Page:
When my husband and I purchased a historical home, we were very unhappy with the portable heating and cooling units.
Because the walls in the home are exceptionally narrow and constructed of plaster, installing a conventional duct system isn’t a viable option.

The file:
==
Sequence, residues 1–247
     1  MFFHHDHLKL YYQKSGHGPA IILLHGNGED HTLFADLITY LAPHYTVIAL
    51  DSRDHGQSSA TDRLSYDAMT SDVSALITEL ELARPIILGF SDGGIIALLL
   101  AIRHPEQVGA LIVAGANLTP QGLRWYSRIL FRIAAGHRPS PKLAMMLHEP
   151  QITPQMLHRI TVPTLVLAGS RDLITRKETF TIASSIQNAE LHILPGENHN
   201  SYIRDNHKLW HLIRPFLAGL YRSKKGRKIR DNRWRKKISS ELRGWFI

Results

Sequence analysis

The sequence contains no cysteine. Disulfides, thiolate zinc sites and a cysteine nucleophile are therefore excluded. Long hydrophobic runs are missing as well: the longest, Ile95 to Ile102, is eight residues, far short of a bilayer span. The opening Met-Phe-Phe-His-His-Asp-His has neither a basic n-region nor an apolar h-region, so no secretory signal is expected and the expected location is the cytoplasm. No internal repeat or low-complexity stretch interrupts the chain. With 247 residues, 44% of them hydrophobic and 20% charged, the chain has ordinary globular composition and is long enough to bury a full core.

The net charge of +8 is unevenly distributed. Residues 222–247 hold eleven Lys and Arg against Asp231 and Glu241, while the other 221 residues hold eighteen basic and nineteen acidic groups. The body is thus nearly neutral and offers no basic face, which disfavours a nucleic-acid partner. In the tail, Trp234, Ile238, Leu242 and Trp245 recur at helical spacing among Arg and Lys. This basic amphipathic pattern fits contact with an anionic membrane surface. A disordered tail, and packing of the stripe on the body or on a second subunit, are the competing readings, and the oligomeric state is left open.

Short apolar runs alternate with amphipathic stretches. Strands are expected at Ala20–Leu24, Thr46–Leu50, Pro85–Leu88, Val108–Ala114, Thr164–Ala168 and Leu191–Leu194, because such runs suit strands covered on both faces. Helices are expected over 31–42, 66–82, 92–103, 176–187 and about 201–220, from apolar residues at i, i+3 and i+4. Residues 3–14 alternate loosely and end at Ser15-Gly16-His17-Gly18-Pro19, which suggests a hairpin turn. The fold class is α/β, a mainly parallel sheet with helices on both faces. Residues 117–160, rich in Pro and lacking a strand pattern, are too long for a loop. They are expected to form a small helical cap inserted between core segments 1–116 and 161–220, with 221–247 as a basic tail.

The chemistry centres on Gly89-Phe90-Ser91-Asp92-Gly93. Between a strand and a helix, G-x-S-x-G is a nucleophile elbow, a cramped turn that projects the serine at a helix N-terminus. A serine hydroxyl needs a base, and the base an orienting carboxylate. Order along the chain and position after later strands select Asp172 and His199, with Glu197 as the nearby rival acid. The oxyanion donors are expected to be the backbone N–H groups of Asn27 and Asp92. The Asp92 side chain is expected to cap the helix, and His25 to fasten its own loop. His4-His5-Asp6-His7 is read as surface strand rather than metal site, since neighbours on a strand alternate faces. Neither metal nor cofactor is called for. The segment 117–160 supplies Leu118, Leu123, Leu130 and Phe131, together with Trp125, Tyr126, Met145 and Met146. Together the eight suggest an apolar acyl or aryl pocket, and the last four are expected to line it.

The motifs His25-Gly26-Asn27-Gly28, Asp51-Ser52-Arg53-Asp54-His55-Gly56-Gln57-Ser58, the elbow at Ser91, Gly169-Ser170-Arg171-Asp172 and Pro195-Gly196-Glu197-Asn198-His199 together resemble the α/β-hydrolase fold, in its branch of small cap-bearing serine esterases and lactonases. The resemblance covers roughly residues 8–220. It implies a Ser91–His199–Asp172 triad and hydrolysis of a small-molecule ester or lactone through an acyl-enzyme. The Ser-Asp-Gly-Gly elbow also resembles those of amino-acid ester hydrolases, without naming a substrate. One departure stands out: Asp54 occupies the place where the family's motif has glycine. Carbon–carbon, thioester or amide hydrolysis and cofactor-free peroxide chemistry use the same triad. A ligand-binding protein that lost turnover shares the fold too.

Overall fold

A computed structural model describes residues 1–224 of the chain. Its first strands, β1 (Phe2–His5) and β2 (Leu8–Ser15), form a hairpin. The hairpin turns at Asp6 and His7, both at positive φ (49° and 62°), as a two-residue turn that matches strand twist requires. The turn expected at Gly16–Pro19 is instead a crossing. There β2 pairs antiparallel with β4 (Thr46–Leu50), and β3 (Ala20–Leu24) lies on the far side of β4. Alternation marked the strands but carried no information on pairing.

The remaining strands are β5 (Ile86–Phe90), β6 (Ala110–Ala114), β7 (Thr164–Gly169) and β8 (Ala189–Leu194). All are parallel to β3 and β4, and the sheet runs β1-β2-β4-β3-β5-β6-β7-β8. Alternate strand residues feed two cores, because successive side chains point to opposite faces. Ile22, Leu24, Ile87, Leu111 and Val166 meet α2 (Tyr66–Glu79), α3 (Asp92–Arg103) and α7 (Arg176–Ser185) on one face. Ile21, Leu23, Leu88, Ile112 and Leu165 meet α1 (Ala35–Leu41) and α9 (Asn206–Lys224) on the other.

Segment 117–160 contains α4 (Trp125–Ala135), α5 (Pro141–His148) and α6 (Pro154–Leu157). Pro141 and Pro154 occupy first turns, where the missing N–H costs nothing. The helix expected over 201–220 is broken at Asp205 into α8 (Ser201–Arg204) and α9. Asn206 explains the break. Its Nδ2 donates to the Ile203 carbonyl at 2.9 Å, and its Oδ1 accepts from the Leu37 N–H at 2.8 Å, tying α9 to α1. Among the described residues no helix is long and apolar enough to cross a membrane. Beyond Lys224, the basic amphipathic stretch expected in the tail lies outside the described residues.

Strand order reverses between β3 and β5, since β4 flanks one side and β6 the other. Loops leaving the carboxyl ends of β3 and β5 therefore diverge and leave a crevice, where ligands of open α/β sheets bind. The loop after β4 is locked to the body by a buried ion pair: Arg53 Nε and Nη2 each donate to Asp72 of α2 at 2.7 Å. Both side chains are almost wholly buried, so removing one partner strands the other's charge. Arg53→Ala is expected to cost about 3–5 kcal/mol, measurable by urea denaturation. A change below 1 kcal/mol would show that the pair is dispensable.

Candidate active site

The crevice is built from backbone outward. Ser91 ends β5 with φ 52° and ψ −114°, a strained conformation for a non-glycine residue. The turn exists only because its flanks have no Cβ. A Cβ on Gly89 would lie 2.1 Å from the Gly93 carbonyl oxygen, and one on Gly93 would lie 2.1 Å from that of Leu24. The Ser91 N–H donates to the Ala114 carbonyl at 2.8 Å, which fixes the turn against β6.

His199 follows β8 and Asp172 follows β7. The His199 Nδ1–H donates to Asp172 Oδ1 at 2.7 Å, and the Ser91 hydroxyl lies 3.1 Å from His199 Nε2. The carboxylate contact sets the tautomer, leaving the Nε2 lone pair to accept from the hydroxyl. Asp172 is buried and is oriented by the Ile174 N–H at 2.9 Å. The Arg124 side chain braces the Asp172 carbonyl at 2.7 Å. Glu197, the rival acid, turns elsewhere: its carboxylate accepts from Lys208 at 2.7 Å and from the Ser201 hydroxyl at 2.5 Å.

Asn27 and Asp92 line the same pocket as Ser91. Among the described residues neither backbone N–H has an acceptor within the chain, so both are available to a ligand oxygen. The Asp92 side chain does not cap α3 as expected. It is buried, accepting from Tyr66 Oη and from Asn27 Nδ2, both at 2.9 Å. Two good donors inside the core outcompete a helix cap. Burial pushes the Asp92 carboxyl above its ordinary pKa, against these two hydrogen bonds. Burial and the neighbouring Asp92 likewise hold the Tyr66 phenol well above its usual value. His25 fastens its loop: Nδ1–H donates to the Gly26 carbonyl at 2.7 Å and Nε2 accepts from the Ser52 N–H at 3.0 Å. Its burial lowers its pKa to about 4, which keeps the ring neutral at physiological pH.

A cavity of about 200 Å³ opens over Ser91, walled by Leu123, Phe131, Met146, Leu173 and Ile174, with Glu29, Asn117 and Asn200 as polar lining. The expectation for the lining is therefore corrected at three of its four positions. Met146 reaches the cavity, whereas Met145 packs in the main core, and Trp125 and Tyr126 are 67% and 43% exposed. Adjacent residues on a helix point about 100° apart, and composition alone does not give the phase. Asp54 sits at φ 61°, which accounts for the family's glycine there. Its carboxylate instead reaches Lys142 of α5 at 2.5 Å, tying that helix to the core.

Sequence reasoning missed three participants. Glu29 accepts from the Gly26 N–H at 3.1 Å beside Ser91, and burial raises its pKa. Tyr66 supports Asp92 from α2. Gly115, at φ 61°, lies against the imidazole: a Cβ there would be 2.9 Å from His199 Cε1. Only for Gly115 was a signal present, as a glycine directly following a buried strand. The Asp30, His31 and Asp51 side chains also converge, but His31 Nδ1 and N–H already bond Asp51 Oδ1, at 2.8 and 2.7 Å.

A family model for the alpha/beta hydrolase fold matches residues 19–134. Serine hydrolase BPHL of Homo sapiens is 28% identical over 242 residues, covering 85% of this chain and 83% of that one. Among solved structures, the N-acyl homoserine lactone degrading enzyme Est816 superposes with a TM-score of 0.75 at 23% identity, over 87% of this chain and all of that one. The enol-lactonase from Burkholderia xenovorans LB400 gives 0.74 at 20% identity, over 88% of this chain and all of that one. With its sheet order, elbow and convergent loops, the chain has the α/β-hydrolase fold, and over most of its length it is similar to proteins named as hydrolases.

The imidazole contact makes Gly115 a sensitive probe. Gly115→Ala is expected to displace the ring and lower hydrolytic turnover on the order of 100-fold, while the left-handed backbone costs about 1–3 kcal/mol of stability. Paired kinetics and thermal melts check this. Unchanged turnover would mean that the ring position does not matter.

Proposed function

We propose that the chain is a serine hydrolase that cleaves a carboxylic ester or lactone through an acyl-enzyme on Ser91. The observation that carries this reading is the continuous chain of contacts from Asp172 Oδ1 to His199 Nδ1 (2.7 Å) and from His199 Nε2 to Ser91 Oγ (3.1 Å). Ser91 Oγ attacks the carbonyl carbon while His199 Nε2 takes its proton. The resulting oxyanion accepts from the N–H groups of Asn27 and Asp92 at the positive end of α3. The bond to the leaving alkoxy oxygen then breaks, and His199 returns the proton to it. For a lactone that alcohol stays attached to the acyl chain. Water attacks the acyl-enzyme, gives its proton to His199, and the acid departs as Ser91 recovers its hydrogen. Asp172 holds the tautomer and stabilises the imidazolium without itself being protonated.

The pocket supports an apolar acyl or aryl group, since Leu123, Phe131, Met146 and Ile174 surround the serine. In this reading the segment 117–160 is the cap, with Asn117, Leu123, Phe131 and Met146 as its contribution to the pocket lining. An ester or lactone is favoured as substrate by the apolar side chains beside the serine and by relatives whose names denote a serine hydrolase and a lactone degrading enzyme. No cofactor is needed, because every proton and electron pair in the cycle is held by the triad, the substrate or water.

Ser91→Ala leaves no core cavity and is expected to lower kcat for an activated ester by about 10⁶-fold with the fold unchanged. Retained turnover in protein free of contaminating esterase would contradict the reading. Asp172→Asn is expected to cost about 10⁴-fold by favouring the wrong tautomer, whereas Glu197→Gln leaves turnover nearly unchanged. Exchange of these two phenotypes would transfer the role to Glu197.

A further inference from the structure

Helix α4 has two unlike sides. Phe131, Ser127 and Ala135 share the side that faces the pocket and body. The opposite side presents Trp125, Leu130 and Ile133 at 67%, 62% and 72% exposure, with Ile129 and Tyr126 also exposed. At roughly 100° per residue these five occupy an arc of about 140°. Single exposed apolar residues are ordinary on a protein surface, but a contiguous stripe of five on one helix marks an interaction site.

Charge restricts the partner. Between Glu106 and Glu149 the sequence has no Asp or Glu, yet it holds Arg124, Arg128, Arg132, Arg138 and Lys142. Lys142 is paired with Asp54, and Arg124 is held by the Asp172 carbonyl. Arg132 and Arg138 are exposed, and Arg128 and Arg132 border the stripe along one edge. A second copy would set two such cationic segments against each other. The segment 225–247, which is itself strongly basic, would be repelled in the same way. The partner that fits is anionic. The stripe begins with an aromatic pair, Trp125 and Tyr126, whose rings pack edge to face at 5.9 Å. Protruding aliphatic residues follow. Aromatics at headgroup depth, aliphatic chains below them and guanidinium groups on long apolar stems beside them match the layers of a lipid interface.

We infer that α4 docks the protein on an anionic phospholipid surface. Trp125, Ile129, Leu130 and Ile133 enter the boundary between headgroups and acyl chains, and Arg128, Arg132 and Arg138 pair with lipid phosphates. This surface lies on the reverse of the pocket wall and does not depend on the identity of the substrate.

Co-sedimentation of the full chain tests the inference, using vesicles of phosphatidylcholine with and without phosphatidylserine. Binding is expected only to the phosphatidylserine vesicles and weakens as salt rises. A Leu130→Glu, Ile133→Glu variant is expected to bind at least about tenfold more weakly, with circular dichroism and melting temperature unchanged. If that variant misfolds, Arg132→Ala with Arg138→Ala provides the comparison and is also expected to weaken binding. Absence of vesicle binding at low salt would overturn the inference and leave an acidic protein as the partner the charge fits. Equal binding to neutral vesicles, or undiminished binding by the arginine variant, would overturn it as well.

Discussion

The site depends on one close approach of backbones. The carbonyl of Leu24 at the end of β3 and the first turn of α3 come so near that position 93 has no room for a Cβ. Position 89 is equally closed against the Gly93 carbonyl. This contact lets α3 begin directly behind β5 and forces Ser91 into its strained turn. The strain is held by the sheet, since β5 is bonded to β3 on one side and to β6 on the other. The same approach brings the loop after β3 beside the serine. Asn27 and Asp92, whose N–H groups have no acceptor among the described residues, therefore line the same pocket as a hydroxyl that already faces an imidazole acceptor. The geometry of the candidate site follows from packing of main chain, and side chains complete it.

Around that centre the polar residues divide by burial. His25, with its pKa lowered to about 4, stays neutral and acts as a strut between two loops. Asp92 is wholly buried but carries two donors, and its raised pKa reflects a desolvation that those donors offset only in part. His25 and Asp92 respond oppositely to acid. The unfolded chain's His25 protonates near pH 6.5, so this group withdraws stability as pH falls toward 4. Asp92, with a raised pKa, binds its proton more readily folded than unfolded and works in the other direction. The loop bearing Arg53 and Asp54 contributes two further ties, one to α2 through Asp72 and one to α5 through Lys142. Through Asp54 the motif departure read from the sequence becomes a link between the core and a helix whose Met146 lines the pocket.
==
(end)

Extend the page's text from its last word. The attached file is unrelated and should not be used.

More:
The former owners managed temperature control with window air conditioners and electric baseboard heaters. These heating and cooling units are noisy, unnattractive, inefficient and ineffective. In our local area, we deal with winter temperatures below zero and excessive summer heat and humidity. The house was uncomfortable just about all year round. I finally consulted a local HVAC contractor for some help. He recommended the installation of a high-velocity HVAC system. The compact size of the equipment and flexibility of the ducts allow this type of system to be retrofitted into existing homes without a huge renovation project. There’s no need to tear down walls or gut the home. The narrow ducts can be snaked between beams and joints, and the modular air handlers and coils can be installed into very compact spaces, such as the attic or even a crawl space. A high velocity HVAC system takes up about a third of the space of a conventional system. I like that the heating and cooling equipment doesn’t detract from the historical integrity of the home. There was a lot of choices for vent styles, and the vents are round, very small and blend into the decor. We chose vents from unfinished wood that could be painted to perfectly match the surroundings. They are mounted into the ceiling and provide whisper-quiet airflow.